“I woke up when the bombing started”

Rehina Leidenius is a Customer Service Support Assistant at our Hapag-Lloyd office in Odessa. In the last weeks she flew to our QSC in Izmir. We talked to Rehina about her experiences since the Russian invasion started.

Rehina, what are your personal experiences since the invasion started?

Rehina Leidenius: I live with my three-year-old daughter and my husband on the 9th floor of an apartment building. On 24 February I woke up at 5 in the morning when the first bombs exploded . The first thing that came to my mind was, “The war has started!”. I was terrified. My husband was still sleeping, and I didn’t’ know what to do. I knew we needed to get out of the flat because we shouldn’t stay on the 9th floor – it is too high up to quickly get out of the building and anything could happen. So, I was packing clothes, food and other survival stuff. My daughter and my husband woke up shortly after, and we quickly went to my parents’ house. Their house is in the countryside, and we are safer here. I was trying to keep calm and to feel hope that everything will be alright. I would never have guessed that my family would have to hide because of war.

In the first days of the war we heard two rockets hit a little lake near the house we were staying at. The air raid warning was sounding again and again. We were checking our telegram channel constantly, because it informed us when the air raids are over. My mom and I are now still afraid for our husbands when they go somewhere. We worry about them, and we want them to be with us at home. We don’t know what tomorrow brings.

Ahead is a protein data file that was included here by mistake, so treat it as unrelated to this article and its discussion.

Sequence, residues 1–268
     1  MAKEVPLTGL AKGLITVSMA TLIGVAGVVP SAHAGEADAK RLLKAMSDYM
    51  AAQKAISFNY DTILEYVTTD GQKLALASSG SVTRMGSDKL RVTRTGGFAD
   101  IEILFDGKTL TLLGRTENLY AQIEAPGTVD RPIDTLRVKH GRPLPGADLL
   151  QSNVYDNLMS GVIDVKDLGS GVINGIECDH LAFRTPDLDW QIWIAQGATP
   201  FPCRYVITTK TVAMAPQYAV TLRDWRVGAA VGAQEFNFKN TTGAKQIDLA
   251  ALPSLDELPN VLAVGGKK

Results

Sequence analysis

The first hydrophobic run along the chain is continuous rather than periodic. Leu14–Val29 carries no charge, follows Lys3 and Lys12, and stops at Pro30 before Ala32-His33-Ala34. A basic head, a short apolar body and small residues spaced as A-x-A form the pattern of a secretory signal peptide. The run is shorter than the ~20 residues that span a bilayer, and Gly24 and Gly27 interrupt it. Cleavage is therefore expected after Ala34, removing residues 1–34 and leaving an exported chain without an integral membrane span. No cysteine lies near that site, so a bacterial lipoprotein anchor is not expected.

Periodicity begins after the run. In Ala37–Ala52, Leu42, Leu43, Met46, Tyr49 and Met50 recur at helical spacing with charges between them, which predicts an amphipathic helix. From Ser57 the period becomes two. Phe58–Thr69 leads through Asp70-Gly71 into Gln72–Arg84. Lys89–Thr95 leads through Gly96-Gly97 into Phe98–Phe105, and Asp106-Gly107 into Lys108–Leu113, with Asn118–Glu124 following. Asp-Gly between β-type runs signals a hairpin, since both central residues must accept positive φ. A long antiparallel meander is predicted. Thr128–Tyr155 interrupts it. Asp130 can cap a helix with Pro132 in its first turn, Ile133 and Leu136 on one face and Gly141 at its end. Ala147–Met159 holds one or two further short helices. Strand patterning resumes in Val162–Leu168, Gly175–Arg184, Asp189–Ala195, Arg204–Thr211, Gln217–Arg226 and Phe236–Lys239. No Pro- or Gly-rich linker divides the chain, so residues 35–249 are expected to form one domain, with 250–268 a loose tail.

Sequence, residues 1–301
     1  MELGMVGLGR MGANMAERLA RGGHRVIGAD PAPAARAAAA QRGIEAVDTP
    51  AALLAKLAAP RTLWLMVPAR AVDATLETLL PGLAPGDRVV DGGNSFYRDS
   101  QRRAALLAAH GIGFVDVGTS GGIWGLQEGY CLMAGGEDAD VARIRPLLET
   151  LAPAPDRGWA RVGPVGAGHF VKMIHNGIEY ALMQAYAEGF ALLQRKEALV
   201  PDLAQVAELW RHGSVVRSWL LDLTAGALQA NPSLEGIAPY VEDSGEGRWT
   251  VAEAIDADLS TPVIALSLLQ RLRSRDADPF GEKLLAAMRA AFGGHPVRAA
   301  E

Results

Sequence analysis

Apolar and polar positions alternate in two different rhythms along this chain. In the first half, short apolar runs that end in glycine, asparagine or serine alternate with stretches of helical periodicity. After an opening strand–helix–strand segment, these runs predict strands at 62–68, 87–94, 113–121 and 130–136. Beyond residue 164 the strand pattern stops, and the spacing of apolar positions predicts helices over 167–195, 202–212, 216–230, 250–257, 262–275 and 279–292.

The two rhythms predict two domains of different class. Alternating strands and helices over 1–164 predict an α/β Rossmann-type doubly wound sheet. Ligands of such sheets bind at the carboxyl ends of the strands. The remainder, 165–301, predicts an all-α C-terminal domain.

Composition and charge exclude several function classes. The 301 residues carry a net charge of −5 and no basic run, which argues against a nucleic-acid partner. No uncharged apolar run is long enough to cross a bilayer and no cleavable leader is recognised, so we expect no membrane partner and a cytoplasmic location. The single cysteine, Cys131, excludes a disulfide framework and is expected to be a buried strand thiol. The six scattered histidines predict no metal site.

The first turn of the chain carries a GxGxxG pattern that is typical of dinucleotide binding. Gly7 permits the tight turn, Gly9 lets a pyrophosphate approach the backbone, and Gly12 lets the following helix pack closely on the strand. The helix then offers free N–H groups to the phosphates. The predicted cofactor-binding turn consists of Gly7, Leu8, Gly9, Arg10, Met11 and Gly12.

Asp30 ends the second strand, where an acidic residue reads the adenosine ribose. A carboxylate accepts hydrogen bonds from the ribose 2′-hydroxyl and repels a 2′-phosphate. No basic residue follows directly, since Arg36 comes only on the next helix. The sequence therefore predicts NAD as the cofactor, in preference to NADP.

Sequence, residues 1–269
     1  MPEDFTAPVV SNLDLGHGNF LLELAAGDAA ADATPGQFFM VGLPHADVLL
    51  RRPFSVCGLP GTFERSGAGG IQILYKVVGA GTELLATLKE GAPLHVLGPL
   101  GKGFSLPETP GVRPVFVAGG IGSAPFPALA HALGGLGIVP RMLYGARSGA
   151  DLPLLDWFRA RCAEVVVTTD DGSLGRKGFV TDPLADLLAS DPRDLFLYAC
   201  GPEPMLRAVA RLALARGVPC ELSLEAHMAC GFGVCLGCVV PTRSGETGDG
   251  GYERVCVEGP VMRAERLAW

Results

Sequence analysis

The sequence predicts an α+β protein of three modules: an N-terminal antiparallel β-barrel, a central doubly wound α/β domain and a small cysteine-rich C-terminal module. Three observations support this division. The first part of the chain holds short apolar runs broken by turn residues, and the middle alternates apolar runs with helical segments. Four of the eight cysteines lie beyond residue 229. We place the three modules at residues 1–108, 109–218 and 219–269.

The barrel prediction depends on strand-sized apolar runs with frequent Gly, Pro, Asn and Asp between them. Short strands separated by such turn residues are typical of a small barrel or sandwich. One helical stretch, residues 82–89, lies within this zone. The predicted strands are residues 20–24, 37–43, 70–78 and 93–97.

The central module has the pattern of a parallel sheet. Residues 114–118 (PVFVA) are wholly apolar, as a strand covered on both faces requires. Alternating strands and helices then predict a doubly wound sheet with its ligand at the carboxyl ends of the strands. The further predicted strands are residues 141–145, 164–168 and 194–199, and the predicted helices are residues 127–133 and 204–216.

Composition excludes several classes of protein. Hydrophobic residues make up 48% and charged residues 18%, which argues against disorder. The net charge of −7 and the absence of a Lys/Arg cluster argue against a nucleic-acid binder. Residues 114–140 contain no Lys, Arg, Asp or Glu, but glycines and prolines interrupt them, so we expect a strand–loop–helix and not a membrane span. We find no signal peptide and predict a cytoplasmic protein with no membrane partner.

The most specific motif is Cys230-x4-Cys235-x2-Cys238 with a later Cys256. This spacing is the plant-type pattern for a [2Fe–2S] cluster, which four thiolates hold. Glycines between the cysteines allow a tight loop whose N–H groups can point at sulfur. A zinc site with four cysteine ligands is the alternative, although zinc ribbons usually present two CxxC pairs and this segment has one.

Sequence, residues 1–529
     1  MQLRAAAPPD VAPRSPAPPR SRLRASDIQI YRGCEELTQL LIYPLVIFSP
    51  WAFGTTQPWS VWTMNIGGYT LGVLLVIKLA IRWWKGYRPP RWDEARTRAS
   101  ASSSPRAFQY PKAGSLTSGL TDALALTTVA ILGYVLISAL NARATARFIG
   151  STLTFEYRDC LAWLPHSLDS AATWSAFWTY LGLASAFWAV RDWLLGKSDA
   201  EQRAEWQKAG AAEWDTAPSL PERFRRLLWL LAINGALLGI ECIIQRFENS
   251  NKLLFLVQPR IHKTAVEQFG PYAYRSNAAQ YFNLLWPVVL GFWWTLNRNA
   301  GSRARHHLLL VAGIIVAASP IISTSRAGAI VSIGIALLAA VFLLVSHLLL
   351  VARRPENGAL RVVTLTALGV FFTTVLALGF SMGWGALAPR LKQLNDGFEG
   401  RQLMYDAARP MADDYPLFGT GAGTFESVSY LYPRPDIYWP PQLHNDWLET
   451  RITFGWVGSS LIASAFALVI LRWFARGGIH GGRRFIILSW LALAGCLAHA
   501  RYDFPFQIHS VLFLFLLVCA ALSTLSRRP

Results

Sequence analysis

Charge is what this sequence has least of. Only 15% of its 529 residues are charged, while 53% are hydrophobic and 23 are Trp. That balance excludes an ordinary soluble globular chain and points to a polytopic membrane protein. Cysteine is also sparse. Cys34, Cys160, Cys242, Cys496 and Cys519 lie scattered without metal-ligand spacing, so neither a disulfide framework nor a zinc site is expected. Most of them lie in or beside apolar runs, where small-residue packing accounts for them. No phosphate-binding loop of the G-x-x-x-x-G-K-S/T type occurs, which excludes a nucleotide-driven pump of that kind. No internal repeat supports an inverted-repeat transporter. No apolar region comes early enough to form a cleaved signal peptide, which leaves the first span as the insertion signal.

Rehina Leidenius and her family

Is it difficult to buy foot and other necessities?

There are long queues. People are standing in line, hoping to buy the necessities for their families – like milk, bread and eggs. But the prices are increasing all the time. We were standing in line for three hours to buy meat. We were told that this was the last chance to buy meat because the driver who is delivering it said that his salary is too low to provide meat in the future.

It really helped when we received our salaries for March in advance from Hapag-Lloyd. We tried to withdraw all the money from our cards and trade them for dollars – because nobody knows what happens to our currency, the Hryvnia.

You have now fled to Izmir in the meantime. How are you feeling about that?

I have often thought about leaving the country. The main reason is my daughter. She is my future. My husband and I are very young parents, so I think it would be easy for us to adapt to another country. Together with another employee from my office, we have now left Ukraine and arrived safely in Turkey. QSC Director Chris Schmid has now warmly welcomed us to our office in Turkey. Other colleagues have moved on to Istanbul and Athens. Nevertheless, it is still unclear for us whether we will really stay in Izmir or return to Ukraine, where my husband is at the moment.

How do you feel emotionally? What is going through your mind?

I pray to God to help us. I want people to understand that this war is pointless. How can we fight against each other? How can neighboring countries kill each other? I pray that there will be peace. It’s not right that Russia attacks us. My heart bleeds. I am a mother and I see all these young men trying to protect us. On one hand I am extremely thankful, on the other hand I cry because they’re too young to die in a war. Every mother in Ukraine is crying right now.

There seems to be a lot of solidary within Ukraine.

Sure. Russia invaded our country. And I ask myself, why did they do it? What’s the purpose? It can’t be just to kill us. It is not fair that our children must fight and kill each other. In history, Russia and Ukraine were one. Right now, we aren’t. But indeed the people are very united in Ukraine. We support each other, and we feel that we are family.

What would be your message to the people in the world?

Take care of your family and keep the love in your heart. If persons have love in their hearts, they will never hurt anybody. Love protects everything. We need more love and less violence.

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